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One Question To Ask Your Financial Advisor Thumbnail

One Question To Ask Your Financial Advisor

Since we are just getting back into the swing of things after Thanksgiving, I figured I would keep this week’s article brief. I am sharing with you my favorite question to ask your AUM advisor. It is a two-minute read.

 What is AUM?

  • As a reminder, AUM stands for Assets Under Management. This is how most financial advisors charge for their services.
  • Short version is they charge a percentage of the assets they manage for you. Say 1% to keep things simple.
  • So, if they manage $100,000 for you their compensation is $1,000. $1 million is $10,000.

 The Scenario

  • Your advisor has been managing your $200,000 IRA for you.
  • He is old school and charges 1% of AUM.
  • You pay him $2,000 a year.
  • You meet once a year for an hour and the only topic you cover is the performance of your account he manages.
  • Retirement is coming up and your 401k balance is $800,000.
  • Your advisor is recommending you transfer that 401k balance to him for him to manage.
  • The proposed fee continues to be 1%.
  • This translates into you paying $10,000 a year.

 The Question to Ask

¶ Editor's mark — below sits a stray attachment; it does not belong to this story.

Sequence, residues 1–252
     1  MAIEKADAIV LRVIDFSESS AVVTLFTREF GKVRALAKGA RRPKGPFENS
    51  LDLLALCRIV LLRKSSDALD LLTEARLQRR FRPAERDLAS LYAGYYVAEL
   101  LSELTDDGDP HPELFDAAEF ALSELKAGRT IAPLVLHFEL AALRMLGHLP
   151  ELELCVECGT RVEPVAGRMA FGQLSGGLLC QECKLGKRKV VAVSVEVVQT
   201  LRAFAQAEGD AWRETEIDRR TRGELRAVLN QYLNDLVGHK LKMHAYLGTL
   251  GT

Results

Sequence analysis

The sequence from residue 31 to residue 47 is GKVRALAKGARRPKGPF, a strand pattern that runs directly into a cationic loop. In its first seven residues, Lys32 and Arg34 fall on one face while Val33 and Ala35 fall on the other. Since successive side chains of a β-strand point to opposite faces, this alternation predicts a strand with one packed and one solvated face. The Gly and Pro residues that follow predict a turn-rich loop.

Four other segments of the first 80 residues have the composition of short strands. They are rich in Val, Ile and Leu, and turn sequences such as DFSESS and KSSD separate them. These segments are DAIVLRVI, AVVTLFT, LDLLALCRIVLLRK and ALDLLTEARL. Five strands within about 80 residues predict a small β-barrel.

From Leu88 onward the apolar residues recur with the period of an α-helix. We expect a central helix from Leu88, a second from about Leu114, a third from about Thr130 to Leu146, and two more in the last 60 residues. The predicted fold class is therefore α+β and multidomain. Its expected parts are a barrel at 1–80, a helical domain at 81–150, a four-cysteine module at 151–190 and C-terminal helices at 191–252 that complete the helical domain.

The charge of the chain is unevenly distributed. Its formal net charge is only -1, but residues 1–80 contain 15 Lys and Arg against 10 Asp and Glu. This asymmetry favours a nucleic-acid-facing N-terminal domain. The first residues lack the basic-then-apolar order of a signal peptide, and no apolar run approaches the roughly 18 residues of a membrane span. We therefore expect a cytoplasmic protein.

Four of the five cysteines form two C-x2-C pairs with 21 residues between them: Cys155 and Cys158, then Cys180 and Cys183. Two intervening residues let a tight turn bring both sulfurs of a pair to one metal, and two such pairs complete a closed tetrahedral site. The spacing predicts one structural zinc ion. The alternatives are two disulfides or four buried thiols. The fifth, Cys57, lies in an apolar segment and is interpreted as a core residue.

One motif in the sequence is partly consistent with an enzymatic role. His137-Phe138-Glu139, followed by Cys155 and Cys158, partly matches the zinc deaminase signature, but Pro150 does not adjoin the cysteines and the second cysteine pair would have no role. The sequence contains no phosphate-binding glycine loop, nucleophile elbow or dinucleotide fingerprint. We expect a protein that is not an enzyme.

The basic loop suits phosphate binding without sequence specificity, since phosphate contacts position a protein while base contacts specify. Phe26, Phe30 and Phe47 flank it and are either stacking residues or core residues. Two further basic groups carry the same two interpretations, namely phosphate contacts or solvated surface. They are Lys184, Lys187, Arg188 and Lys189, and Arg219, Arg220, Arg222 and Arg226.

• Here is the question I always encourage people to ask their current, old school advisor.
  • “I am increasing your fees fivefold from $2,000 to $10,000 a year. Walk me through how the services you are providing me increase five times.”
  • There may not be a question mark, but it is definitely a question.

 My Experience

  • I have encouraged numerous people to ask their current advisor this question over the years.
  • Sadly, not a single person has ever received an answer to the question that satisfied them.
  • Also, the majority of financial advisors do not have different service based on what a client pays them.
  • Oftentimes, clients paying $20,000 a year get the same service as ones paying $2,000 a year.


  • I am not saying there is a right or wrong way to pay your advisor.
  • This is simply a question to determine if there is an equitable exchange with your advisor when you increase his pay dramatically.
  • I know as a consumer I would expect something more based on my fee increasing dramatically, but maybe I am just weird.
  • This is why I charge a flat fee where everyone pays the same and every select client gets the same service level.
  • Again, feel free to ask this question and if you get a good answer please let me know, because it would be the first time.